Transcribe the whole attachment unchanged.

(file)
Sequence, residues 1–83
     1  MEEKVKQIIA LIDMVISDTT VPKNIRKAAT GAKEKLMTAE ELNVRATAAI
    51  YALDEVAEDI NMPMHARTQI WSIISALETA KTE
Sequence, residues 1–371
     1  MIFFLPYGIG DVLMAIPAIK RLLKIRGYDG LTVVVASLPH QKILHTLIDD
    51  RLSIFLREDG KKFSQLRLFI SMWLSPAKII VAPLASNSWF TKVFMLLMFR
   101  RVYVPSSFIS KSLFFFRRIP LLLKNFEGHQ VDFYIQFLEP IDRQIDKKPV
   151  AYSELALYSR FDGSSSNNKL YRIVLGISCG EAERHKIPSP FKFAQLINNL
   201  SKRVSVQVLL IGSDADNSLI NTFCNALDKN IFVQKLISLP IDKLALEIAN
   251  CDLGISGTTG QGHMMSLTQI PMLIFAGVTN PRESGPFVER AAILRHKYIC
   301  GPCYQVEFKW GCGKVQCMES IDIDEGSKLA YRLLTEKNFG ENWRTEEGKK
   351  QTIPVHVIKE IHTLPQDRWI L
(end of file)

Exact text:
Sequence, residues 1–83
     1  MEEKVKQIIA LIDMVISDTT VPKNIRKAAT GAKEKLMTAE ELNVRATAAI
    51  YALDEVAEDI NMPMHARTQI WSIISALETA KTE
Sequence, residues 1–371
     1  MIFFLPYGIG DVLMAIPAIK RLLKIRGYDG LTVVVASLPH QKILHTLIDD
    51  RLSIFLREDG KKFSQLRLFI SMWLSPAKII VAPLASNSWF TKVFMLLMFR
   101  RVYVPSSFIS KSLFFFRRIP LLLKNFEGHQ VDFYIQFLEP IDRQIDKKPV
   151  AYSELALYSR FDGSSSNNKL YRIVLGISCG EAERHKIPSP FKFAQLINNL
   201  SKRVSVQVLL IGSDADNSLI NTFCNALDKN IFVQKLISLP IDKLALEIAN
   251  CDLGISGTTG QGHMMSLTQI PMLIFAGVTN PRESGPFVER AAILRHKYIC
   301  GPCYQVEFKW GCGKVQCMES IDIDEGSKLA YRLLTEKNFG ENWRTEEGKK
   351  QTIPVHVIKE IHTLPQDRWI L